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State-sponsored hackers delay new Microsoft Exchange Server by four years

Hafnium's devastating zero-day exploit chain in 2021 forced Microsoft to improve the security of current versions instead of releasing the new one on schedule

State-sponsored cyber attacks on Microsoft Exchange servers throughout 2021 are the reason why the latest version of the on-prem mail and calendaring server will be delayed by four years, Microsoft said.

A new version of Microsoft Exchange Server was originally on course for an H2 2021 release but Microsoft has updated its roadmap delaying the release to H2 2025 due to the time it took developers to improve security in the wake of the Hafnium attacks.

Hafnium is a state-sponsored hacking group Microsoft has previously said is linked to China. In 2021, Hafnium attacked Microsoft Exchange servers consistently using a flurry of zero-day vulnerabilities to exfiltrate information from victims across various business verticals.

In addition to an extra four-year wait for the next version, IT admins can expect to hear more about the new features, pricing, requirements, and naming of the updated version in the first half of 2024.

Microsoft also said the latest version will require Server licenses and Client Access Licenses (CALs) and will only be accessible to customers with Software Assurance - a service pack that automatically provides customers with licenses to the latest versions of software. 

The current support dates for Exchange Server 2013 (11 April 2023), Exchange Server 2016 (14 October 2025), and Exchange Server 2019 (14 October 2025) are unchanged. 

The next version of Exchange Server will move to Microsoft’s Modern Lifecycle Policy which does not set end-of-life (EOL) dates for products or services but continues to offer support as long as there is demand for it in the market.

Customers running Exchange Server 2019 may have an easier time upgrading to the new version when the time comes, Microsoft hinted.

After resolving previously known upgrading issues relating to hardware requirements and mailbox migration, Microsoft is introducing an in-place upgrade capability to Exchange Server 2019 and recommends all customers upgrade to the version “as soon as possible”.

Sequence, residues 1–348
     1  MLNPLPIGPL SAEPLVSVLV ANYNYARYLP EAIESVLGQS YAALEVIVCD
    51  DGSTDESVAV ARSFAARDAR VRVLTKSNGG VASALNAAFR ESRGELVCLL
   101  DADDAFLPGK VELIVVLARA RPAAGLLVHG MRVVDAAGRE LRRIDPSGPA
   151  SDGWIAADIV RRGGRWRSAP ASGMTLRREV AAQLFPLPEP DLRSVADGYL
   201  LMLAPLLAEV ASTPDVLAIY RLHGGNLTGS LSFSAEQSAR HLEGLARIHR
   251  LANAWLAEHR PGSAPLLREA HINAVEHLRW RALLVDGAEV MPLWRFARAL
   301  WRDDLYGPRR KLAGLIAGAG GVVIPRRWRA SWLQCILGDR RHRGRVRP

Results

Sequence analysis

Hafnium’s server siege

Last year, the Chinese-linked state-sponsored hacking group exploited a chain of zero-day vulnerabilities in Microsoft Exchange, leading to hacks on hundreds of thousands of businesses

Microsoft said at the time that the group was known for harvesting data from various types of organisations including those in the medical, education, military, NGO, and policy sectors.

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Based in China but operating from US-based virtual private servers (VPS), Hafnium gained access to Exchange Servers, installed a web shell for remote control, and stole data.

The White House was especially concerned about the threat to national security and urged all businesses to patch their Exchange servers to the latest version as a matter of priority, at the time.

More than a month after the exploits became public knowledge, US government agencies were still finding unpatched Exchange Server vulnerabilities in their systems.

Experts said that if organisations hadn’t patched on the day of release, there was a strong chance that the environment was already compromised, and the web shell had already been planted.

It was later revealed that Microsoft first became aware of the zero-day exploits in January 2021, two months before Hafnium’s activity ramping up in March.

Hafnium’s exploit chain was ultimately used in separate attacks throughout the year, namely by the Qakbot and SquirrelWaffle malspam campaigns spreading via unpatched servers in October 2021.

Microsoft’s work so far

The delay to the latest version of Microsoft Exchange Server came as a result of Microsoft's security experts being forced to work throughout 2021 to combat the heavy attacks from the exploits used by Hafnium. 

It said that work on the new release was stalled as the team was busy pushing out-of-band security updates, a one-click mitigation tool - which was later integrated as a core feature of Exchange Server and integrating other services to improve the security of the service for IT admins.

It also launched a bug bounty programme for Exchange Server and Office Server under the Microsoft Applications and On-Premises Servers Bounty Program to improve the company’s collaboration with the private sector and independent security researchers and ultimately improve the security of Exchange Server.

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